However, there is one big advantage to mention here: changing the blades and adjusting the tension is quick and very easy to do. This is what sets the scroll saw apart from the band saw.
You can remove the blade and then place it through a pre-drilled hole to cut internal profiles when you don’t have an entry slot. This feature is incredibly useful when you need to cut delicate and intricate designs, and it’s something that can’t be done with a band saw.
What is a band saw?
We’ve said before that scroll saws and band saws look similar, and that’s because band saws have a flat worktable with a blade running perpendicular to the center, too. But the design is the only thing they have in common.
Band saws are a lot more powerful than scroll saws because they’re equipped with a stronger motor that has a higher RPM and overall output. What’s more, band saws have an open front and back, so you can work with thicker and longer pieces of wood.
On a band saw, the throat size only refers to the width of the cut that can be completed with the tool. It’s measured by the distance between the blade and the column of the saw and determined by the size of the wheels because they dictate the shape and size of the blade.
You don’t have to worry too much about the throat size of a band saw, as it won’t influence the size of the piece you can fit on the table.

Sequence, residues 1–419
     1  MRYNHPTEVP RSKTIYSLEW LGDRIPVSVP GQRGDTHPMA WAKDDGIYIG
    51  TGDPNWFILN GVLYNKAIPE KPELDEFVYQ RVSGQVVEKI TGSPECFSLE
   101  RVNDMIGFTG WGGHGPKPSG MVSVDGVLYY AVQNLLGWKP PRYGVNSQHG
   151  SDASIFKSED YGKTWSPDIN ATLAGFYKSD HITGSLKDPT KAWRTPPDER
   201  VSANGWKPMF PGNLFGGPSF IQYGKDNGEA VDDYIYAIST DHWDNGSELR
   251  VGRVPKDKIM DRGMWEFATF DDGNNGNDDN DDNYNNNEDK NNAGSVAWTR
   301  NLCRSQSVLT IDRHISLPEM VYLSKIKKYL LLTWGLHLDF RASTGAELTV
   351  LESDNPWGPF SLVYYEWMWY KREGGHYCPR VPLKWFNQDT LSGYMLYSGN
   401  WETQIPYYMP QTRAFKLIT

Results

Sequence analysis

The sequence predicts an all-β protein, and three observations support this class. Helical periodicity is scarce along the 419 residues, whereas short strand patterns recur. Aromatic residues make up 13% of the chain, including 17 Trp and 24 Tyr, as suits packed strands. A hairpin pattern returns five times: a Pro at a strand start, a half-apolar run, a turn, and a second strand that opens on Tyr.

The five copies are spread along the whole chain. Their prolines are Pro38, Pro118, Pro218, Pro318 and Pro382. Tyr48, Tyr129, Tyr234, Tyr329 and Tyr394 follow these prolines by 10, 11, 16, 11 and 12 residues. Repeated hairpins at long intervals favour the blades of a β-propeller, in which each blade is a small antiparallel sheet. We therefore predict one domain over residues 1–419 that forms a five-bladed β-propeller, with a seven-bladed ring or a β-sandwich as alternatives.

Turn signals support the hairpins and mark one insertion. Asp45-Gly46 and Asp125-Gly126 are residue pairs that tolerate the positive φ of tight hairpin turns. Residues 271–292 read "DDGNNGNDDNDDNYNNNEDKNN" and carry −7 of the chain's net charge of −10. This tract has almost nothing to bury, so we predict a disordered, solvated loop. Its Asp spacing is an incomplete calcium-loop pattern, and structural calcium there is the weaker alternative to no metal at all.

Blades are one of the biggest differences between the scroll saw and the band saw, particularly as regards their motion, size, and thickness.
Where the scroll saw blades are thin and move in a reciprocating motion, the band saw blades are circular, flexible, and move in a continuous downward motion. You’ll also notice that most band saws have a 2-wheel system.
The wheels are placed one above and the other below the table, or two in each position if the saw has a 4-wheel system. The blade stretches over the wheels and forms a rotating band (hence the name of the tool) that moves as the wheels move.
Scroll saw blades are quite versatile, and there’s a wide range of options you can choose from to complete different jobs. There are thin blades that allow you to get detailed cuts, but they won’t be as smooth as with a scroll saw.
However, if you equip this tool with the right blade, you can cut plastic, thick wood, and even metal.
When to use Band Saw Vs Scroll Saw
The key to deciding whether a scroll saw or a band saw is the right tool for you lies in defining the kind of jobs you plan to do because they can be used for very different purposes.
When should I use a scroll saw?
Scroll saws are fast, but not powerful machines, which means that you can only work with small and thin materials. Clean and intricate cuts are this saw’s specialty, so if you’re interested in doing crafts and decorative pieces, the scroll saw is the tool for you. Especially because you can use it for inside plunge cuts.